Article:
July 20, 2015 | By Simon

While it’s safe to say that by now we’ve seen a fairly wide array of what’s possible when it comes to 3D printing, most people would likely never guess that they can now add ‘oven’ to that list now, too.  

In an effort to challenge designers and engineers to think differently about the way products are designed and manufactured, Studio Fathom has created an innovative new take on the modern convection oven that they’re calling the Pyra.  

The oven, which is built entirely out of engineering-grade plastics, was designed to combine the versatility of fused deposition modeling 3D printing with advanced cloud-based intelligence in an effort to combine the best qualities of 3D printing and the Internet of Things.  The name of the oven - Pyra - refers to both the pyramid shape and the Greek word “pyro,” which means “fire”.  To fabricate the oven, the studio used a Fortus 900mc, which is the only 3D printing system in the world that supports the food-safe ULTEM 1010 material.       

To cook food, the flameless oven utilizes forced air convection from conductive metal plates to evenly heat the cooking enclosure with uniform temperatures of up to 375 degrees Fahrenheit.  In order to demonstrate the effectiveness of their thermal chamber, Studio Fathom recently printed the Pyra using Stratasys’ new NSF 51 food-contact certified 3D printing material and subsequently slow cooked a dry-rubbed cut of beef.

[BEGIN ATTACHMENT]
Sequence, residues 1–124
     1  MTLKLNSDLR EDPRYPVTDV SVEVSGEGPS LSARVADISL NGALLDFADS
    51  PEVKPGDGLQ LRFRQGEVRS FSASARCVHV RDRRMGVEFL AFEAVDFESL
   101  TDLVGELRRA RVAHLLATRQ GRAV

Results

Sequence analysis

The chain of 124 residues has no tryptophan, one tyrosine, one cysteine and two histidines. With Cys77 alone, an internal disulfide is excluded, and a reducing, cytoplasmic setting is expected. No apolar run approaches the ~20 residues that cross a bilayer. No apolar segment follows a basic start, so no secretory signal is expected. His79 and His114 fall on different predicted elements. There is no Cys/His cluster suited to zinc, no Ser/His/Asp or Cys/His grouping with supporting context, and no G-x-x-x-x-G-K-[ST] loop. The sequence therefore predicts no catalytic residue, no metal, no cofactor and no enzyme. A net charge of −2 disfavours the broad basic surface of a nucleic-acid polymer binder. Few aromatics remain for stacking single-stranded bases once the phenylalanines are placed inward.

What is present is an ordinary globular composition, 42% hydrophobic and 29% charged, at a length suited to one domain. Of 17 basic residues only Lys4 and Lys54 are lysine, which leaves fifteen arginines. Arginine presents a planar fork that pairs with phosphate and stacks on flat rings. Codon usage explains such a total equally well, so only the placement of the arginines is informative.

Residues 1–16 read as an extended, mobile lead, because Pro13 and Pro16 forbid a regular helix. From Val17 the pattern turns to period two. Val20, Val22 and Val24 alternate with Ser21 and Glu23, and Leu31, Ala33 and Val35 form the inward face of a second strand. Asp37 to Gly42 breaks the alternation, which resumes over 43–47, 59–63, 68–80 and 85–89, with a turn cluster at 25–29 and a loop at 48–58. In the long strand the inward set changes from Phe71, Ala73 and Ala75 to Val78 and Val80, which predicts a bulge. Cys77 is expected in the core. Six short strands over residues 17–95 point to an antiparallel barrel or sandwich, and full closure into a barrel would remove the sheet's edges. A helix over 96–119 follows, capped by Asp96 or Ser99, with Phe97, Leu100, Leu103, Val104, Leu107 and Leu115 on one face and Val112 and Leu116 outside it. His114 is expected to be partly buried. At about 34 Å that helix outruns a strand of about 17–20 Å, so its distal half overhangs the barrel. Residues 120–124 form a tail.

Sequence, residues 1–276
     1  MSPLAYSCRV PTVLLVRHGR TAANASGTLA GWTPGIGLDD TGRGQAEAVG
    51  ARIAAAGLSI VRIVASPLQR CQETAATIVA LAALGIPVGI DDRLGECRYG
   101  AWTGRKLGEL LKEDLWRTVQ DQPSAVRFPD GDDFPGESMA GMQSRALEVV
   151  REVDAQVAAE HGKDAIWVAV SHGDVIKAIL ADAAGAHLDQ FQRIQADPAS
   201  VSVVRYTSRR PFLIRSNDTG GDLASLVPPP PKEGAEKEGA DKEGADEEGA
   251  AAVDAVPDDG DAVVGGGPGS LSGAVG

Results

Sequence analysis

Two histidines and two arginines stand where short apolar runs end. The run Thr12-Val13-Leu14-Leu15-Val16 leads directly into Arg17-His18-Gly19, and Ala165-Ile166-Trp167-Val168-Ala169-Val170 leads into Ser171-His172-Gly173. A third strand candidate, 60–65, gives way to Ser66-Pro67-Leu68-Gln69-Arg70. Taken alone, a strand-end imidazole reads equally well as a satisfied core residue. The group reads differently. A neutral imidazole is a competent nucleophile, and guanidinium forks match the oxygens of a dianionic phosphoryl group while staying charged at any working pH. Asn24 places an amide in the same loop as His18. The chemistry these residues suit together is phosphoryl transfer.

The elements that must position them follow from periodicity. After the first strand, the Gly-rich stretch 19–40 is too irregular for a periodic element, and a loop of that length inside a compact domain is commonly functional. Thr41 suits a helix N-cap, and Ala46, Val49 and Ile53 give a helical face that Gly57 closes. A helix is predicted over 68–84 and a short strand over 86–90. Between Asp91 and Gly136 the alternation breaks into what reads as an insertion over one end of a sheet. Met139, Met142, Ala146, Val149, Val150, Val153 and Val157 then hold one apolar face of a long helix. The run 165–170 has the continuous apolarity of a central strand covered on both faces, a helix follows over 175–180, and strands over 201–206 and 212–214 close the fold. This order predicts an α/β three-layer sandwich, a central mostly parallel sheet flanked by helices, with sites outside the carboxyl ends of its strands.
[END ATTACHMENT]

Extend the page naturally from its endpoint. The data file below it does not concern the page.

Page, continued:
Although the studio was successfully able to cook the delicious cut of beef, the Pyra was in fact designed for cell culture incubation and other scientific purposes rather than culinary.   

According to the studio, the Pyra epitomizes FATHOM’s goal of making the unmakeable; the design wouldn’t be possible to fabricate without additive manufacturing, which is the result of five years of development by Carlo Quiñonez, FATHOM’s Director of Research.

“My big vision with this project is to enable community-driven development of the tools scientists use in the lab,” said Quiñonez in an interview with Autodesk. The design team used Autodesk’s Fusion 360 CAD software to realize the design of the Pyra.   

“The plan is to make the thermal chamber designs open-source so anyone can download, customize, and 3D print their own versions.”

While the physical design can be customized to suit the needs of multiple industries ranging from lab experiments to baking cupcakes, it is not the only feature of the oven that can be customized by the end user.  Since the oven can be controlled using a web application, the app itself can also be customized for a variety of purposes, too.   

“In a larger sense, the device serves as a glimpse into the future of how products will be designed, manufactured, and used on both consumer and commercial levels,” said the studio.   “FATHOM is elated to be a part of this future by making the unmakeable and sharing innovative applications at the forefront of the manufacturing industry.”

Needless to say, the studio certainly succeeded in producing a design that pushes the boundaries of what’s possible with additive manufacturing - while also managing to cook themselves dinner, too!

“I hope this design inspires designers and engineers to challenge the way they think about product design and manufacturing,” added Quiñonez.

“Every day, the FATHOM team is pushing the boundaries of what is possible for industry-leading companies across the country. Professionals needs to rethink their approach because remarkable efficiencies can be achieved like never before.”

 

Posted in 3D Printing Applications

 

 

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